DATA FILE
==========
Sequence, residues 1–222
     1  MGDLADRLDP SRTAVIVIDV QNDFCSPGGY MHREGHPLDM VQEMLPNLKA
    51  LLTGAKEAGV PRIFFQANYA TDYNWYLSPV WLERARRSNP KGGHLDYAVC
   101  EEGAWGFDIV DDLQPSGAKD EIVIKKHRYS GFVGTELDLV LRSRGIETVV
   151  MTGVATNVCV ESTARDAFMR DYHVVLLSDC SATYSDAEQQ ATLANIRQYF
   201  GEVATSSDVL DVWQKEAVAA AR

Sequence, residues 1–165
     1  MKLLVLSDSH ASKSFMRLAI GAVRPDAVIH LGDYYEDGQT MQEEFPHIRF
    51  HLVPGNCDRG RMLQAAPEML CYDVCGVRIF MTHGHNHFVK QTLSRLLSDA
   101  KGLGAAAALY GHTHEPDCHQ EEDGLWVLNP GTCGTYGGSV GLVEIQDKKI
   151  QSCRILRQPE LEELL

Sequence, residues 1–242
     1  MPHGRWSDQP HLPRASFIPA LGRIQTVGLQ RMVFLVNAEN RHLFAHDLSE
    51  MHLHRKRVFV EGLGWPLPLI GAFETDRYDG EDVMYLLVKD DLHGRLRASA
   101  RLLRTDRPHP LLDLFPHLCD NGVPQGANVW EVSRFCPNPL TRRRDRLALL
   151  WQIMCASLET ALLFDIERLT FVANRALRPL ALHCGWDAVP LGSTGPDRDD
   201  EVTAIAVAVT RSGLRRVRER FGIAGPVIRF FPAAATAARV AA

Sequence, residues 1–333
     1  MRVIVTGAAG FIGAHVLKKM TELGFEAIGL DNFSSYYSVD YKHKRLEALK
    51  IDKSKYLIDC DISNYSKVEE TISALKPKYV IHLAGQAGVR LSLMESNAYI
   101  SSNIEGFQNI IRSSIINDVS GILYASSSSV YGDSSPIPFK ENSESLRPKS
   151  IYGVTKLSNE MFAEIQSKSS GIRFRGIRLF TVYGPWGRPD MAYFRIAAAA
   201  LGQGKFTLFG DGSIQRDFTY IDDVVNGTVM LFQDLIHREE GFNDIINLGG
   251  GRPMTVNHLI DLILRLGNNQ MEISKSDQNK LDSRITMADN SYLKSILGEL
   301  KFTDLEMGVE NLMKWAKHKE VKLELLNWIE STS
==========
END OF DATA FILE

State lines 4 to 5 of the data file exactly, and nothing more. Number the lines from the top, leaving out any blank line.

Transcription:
   101  EEGAWGFDIV DDLQPSGAKD EIVIKKHRYS GFVGTELDLV LRSRGIETVV
   151  MTGVATNVCV ESTARDAFMR DYHVVLLSDC SATYSDAEQQ ATLANIRQYF